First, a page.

Nearly 100,000 Previously Unseen Photos by Andy Warhol Will Be Made Public This Fall
The artist's photos document intimate personal shots and New York's infamous downtown scene in the 1980s.
Pop art fans, rejoice! The Andy Warhol Foundation will release tens of thousands of the artist’s previously unseen photographs for the first time, including intimate images of the artist’s celebrity friends and lovers.
In total, 3,600 contact sheets featuring more than 130,000 images were acquired by Stanford University, which will digitize and release the images online as part of a new initiative called the Contact Warhol Project. Most have never been publicly shown, based on the markings on the contact sheets. Warhol only printed about 17 percent of the shots he took, the university said.
Taken between 1976 and his death in 1987, the photos offer a glimpse into the Pop artist’s private life and the cast of characters that made up New York’s infamous downtown scene in the 1980s. Writer Truman Capote is shown sprawling on a couch; Jean-Michel Basquiat poses for a portrait; and Debby Harry is seen mingling at a party. Meanwhile, hundreds of snaps document Warhol’s unfolding romance with his last boyfriend, Jon Gould. Other celebrities that make appearances include Michael Jackson, John Lennon, and Liza Minelli.
The pictures showcase Warhol’s obsession with documenting everything around him, from parties with famous friends to street signs. (He once said, “A picture means I know where I was every minute, that’s why I take pictures,” according to the Guardian.)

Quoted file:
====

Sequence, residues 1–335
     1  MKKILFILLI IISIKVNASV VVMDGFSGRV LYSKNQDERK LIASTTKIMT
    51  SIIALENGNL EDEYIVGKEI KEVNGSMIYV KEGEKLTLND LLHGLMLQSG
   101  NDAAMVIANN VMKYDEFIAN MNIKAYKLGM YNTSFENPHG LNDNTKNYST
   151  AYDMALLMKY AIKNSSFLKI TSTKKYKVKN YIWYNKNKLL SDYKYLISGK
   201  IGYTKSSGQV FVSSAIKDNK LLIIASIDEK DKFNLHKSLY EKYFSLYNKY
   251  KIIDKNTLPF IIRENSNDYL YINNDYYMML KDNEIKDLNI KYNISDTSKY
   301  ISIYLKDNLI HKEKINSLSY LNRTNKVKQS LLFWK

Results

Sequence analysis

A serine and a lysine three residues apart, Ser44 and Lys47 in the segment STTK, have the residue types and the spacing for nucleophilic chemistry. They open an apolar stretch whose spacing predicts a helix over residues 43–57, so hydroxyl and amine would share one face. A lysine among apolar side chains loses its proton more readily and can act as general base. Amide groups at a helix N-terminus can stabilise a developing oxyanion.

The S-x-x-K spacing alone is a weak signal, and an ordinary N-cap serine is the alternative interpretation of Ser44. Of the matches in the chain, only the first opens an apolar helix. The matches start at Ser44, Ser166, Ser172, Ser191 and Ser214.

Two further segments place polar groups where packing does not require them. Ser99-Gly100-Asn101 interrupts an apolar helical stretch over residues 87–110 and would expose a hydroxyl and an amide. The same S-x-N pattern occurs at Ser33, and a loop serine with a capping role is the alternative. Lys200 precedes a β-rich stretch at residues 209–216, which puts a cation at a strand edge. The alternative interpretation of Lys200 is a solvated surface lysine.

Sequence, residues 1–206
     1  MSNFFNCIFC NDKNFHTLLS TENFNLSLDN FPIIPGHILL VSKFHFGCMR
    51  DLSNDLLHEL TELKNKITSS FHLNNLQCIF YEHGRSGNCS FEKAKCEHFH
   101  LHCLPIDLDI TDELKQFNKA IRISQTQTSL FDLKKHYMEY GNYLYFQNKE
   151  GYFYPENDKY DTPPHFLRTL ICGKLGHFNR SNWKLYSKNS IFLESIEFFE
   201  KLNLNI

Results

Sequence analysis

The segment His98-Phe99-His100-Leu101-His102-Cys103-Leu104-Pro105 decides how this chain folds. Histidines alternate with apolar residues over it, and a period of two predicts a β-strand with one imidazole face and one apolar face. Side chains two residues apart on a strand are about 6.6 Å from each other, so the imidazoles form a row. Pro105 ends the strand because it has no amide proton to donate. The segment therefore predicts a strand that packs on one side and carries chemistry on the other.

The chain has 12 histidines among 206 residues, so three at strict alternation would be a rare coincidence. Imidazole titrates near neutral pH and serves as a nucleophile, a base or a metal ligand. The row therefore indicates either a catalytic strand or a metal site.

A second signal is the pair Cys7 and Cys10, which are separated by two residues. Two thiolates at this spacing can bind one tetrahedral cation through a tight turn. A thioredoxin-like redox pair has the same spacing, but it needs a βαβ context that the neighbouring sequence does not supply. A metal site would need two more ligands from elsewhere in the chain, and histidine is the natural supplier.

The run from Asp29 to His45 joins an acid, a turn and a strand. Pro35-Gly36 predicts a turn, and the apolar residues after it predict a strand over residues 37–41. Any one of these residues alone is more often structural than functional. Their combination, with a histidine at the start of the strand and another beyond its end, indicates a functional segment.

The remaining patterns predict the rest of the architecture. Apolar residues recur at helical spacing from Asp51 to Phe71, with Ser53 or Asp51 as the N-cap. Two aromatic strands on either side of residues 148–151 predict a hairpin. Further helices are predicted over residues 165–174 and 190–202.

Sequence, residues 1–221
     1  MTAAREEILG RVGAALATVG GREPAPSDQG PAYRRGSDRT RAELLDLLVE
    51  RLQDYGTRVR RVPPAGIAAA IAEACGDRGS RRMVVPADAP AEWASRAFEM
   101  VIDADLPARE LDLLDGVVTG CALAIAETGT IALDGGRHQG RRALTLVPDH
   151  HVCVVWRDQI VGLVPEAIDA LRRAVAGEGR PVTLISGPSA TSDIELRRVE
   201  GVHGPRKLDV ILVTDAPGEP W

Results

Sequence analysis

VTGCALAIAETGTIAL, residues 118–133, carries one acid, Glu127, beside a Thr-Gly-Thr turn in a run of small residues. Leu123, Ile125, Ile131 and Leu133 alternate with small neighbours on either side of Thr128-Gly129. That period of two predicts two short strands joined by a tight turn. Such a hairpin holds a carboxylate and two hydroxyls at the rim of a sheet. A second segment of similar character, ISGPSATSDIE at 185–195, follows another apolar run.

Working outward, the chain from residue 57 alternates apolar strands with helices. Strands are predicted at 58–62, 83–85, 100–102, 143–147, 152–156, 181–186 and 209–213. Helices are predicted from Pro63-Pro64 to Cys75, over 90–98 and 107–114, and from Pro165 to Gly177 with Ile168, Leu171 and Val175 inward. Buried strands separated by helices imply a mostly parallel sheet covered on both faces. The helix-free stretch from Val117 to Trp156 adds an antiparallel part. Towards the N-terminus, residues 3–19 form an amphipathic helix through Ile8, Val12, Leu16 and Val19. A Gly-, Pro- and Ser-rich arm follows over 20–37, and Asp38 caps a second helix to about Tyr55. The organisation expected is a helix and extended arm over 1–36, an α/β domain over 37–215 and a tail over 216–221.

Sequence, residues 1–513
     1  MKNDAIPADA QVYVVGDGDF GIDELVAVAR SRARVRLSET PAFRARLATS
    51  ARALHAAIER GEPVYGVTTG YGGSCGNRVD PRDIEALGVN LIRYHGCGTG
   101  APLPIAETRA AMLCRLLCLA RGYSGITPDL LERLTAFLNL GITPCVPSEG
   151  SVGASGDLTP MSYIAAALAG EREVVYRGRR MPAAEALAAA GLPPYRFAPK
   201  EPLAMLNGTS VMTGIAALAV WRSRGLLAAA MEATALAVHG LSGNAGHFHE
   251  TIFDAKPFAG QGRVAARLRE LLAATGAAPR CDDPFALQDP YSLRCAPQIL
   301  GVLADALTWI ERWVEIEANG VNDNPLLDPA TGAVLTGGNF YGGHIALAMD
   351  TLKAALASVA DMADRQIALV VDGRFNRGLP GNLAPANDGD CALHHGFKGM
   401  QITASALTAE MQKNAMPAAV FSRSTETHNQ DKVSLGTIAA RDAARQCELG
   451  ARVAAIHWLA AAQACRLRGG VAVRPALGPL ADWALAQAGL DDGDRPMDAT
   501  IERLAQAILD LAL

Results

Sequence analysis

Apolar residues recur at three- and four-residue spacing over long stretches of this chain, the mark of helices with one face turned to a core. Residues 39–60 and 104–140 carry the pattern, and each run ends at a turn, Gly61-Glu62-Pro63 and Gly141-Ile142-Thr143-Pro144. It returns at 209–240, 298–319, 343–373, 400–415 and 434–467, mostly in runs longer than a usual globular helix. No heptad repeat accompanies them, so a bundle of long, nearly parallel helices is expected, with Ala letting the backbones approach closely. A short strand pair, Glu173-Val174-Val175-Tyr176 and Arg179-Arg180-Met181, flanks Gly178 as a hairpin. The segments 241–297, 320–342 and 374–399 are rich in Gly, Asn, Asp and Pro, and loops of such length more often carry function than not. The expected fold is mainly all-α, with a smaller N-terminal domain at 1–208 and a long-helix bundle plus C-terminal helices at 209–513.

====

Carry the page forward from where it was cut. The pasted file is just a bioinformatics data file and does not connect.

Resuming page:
The Contact Warhol Project is led by Stanford art professors Peggy Phelan and Richard Meyer. Phelan says that a big part of the artist’s genius was how he approached everyday objects.
“His eye is incredible, everything interested him from trash cans, litter, detritus, and room service carts,” she told artnet News. “He took the same care photographing objects that most people would overlook as he would with a photoshoot with Liza Minelli. He had very little border between what’s visually compelling and dog walking signs.”
The archive, she explained, also demonstrated Warhol’s tireless work ethic: “There was no downtime, the distinction between daily life and artwork is completely obviated by this archive.”
The contacts sheets demonstrate that Warhol anticipated today’s image-driven culture, according to the professor. “He would take at least one roll of film per day, sometimes more,” she said. “He was very prescient about what we now do with cell phones, but at the time he was way in front of the curve. The habit of documenting our lives that many of us have acquired—he was doing that in 1976.”
Warhol fans won’t have to wait long to see the archived images. A selection of the unreleased photos will be exhibited at Stanford University’s Cantor Arts Center in September, and a book about the project will be published in the UK in November. The digital library will be launched online by the end of the year.
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